RICHMOND, VA (WWBT) - A warning about copperhead snakes. In one week's time, the venomous reptile has sunk its fangs into a child and a dog in two separate cases.
A copperhead bit a young girl on Walbrook Drive in Henrico's West End. A dog was bitten off Turner Road in Chesterfield.
Snakes like cool moist areas with easy access to the sunlight. For example, areas in the yard with a lot of ground cover, like ivy, would be a perfect habitat. If a copperhead bites you or your dog, the quicker you get to the emergency room or a vet the better.
Copperheads are the only poisonous snakes in our area. A danger every day, but wet weather can trigger sightings.
Paige Shriver's American bulldog Oz is being nursed back to health after a copperhead bit his back paw Saturday night.
"I really didn't have any idea he was bitten until his foot swelled up," said Shriver.
Oz was in Shriver's backyard. She wanted to warn other dog owners.
"My yard where the dogs go out is not wooded and the grass is kept short. There's no bushes trees or debris," said Shriver.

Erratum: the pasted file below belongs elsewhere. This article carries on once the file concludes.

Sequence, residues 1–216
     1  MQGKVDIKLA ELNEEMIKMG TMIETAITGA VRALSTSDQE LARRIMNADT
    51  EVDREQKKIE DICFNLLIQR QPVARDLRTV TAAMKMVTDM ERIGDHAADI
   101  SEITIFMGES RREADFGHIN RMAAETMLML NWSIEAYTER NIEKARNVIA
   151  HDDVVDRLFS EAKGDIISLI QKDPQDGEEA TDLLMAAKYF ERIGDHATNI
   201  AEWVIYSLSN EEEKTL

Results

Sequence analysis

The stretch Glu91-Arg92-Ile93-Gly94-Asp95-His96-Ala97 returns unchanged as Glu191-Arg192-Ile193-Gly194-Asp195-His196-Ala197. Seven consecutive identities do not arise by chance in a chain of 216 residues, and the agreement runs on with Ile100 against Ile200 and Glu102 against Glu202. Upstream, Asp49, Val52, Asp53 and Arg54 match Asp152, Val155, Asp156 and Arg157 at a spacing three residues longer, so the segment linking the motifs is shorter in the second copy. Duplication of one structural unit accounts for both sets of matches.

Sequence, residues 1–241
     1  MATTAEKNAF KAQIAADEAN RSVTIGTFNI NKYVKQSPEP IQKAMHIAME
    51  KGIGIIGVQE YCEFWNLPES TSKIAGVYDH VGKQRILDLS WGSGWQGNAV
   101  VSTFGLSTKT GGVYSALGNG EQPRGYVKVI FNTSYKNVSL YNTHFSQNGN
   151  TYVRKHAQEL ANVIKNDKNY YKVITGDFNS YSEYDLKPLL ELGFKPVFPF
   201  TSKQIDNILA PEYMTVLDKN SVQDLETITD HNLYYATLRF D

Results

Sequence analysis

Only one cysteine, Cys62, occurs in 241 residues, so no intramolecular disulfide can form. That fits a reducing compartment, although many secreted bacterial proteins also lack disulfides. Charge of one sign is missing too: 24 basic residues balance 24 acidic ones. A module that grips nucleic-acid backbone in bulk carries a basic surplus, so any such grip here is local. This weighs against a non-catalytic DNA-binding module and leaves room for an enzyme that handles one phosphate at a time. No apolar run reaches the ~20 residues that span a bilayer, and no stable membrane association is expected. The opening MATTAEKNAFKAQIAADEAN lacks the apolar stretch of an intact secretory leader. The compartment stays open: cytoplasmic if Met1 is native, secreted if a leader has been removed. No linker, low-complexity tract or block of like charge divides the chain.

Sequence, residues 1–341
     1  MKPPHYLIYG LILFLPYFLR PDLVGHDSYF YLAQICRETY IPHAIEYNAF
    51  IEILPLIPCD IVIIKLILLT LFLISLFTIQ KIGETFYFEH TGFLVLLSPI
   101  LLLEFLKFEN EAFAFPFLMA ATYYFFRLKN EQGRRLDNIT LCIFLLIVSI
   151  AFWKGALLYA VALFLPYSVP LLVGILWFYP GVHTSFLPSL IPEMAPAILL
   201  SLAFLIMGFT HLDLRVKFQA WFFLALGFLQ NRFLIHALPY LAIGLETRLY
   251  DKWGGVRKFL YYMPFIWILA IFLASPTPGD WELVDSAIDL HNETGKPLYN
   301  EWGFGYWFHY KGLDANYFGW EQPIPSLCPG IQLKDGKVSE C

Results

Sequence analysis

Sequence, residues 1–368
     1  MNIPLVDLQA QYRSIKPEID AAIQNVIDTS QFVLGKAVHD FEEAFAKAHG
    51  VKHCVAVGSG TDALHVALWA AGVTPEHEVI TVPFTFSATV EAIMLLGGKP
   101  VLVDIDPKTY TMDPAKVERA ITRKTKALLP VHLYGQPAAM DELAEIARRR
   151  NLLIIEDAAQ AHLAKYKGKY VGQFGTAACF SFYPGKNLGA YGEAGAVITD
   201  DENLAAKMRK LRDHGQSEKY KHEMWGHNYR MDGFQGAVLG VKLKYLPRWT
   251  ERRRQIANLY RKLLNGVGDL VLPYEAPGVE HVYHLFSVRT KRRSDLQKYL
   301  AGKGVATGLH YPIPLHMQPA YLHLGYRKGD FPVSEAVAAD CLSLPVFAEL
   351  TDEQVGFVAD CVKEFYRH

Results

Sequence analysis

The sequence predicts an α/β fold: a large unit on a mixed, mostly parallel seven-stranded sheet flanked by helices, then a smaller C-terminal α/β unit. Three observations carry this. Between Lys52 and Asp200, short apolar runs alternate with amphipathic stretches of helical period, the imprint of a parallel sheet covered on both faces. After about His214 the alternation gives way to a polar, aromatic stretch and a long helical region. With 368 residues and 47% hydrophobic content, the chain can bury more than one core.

This is the second copperhead bite in a week.
On August 6 near Pump and Patterson, a 12-year-old girl got too close to a copperhead hiding underneath magnolia leaves in a neighbor's driveway and was bitten on her foot. She's now on antibiotics after an emergency room visit.
Dr. Ken Lucas with Patient First says a copperhead bite is not a life or death situation, but the sooner the better for treatment.
"The problem is it injects a venom that can create some muscle damage and the longer it's there the greater the chance for it to spread," said Dr.Lucas.
Dr. Lucas says what you don't want to do is apply a tourniquet, ice or suck out the venom.
"None of that has shown to be helpful and some has shown to be harmful. Stay calm wash with mild soap and water, and head to emergency room," said Dr. Lucas.
Although not typically lethal to humans, a copperhead bite can be for a pet.
"He's going to make it and hopefully he'll keep his foot," said Shriver.
Henrico Animal Control officials say they get calls about snakes on a daily basis, but not too many about copperheads. They recommend keeping your distance. These reptiles bite when they feel threatened.